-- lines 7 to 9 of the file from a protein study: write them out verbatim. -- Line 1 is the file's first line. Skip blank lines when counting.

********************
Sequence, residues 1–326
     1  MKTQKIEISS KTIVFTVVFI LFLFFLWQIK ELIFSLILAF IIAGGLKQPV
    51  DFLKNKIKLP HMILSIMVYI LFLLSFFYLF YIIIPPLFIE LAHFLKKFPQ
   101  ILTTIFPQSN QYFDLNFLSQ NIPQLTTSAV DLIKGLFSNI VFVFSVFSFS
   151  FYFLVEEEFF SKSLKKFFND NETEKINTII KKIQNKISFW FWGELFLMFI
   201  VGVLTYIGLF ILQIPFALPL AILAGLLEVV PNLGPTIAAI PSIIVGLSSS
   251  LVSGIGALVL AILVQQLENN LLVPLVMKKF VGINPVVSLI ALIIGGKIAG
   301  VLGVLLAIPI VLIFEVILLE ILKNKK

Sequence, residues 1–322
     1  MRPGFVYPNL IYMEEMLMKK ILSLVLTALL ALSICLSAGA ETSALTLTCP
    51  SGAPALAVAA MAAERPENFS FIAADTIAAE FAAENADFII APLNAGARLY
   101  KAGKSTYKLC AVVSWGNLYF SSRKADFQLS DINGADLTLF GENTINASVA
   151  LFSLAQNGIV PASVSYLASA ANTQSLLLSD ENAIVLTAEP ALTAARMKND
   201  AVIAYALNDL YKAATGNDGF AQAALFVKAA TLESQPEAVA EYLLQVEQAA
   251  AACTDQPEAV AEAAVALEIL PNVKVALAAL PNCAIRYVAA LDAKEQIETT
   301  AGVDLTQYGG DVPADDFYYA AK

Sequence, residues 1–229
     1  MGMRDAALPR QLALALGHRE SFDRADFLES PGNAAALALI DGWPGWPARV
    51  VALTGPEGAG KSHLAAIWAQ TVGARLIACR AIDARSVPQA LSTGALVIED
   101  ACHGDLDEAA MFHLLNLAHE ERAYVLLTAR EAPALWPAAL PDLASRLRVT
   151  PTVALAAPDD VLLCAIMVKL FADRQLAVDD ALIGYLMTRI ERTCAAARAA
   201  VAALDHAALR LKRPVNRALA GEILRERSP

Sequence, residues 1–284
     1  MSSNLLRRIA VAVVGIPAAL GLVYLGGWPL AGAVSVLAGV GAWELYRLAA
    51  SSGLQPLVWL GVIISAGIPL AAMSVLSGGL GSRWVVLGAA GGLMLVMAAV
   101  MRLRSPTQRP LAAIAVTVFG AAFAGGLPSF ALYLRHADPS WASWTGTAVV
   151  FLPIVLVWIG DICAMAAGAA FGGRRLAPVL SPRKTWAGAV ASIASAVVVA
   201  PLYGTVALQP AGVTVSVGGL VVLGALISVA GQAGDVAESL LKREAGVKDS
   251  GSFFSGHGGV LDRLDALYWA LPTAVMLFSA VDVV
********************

   251  LVSGIGALVL AILVQQLENN LLVPLVMKKF VGINPVVSLI ALIIGGKIAG
   301  VLGVLLAIPI VLIFEVILLE ILKNKK

Sequence, residues 1–322